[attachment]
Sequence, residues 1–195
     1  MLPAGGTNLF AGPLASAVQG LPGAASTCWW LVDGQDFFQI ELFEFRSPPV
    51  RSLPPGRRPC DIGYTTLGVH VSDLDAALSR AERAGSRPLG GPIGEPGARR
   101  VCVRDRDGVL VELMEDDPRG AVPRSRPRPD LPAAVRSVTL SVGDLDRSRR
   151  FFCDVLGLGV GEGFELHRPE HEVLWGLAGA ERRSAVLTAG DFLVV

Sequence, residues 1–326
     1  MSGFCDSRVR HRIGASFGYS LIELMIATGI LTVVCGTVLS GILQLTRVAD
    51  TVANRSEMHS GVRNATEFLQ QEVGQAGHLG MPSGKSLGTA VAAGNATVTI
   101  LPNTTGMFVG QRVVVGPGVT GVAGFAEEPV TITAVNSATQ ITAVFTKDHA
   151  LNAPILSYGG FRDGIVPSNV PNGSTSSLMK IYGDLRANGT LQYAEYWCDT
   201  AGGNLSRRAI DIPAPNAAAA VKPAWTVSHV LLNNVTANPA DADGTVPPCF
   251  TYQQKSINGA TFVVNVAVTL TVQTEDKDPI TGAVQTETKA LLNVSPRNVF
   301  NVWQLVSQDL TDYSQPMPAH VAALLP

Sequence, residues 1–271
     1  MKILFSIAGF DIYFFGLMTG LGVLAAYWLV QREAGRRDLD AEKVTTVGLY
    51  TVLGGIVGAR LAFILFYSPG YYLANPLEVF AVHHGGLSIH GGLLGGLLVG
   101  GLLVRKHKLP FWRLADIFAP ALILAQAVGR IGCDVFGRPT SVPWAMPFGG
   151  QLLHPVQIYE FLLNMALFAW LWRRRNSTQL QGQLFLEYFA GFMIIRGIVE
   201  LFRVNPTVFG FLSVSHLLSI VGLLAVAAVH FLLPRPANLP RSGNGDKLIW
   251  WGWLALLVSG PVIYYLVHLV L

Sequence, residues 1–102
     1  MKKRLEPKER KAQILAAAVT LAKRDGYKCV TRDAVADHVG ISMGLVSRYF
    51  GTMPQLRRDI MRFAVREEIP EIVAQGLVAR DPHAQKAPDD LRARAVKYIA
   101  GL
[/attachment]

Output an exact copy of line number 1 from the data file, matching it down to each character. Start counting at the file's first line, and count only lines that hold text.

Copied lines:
Sequence, residues 1–195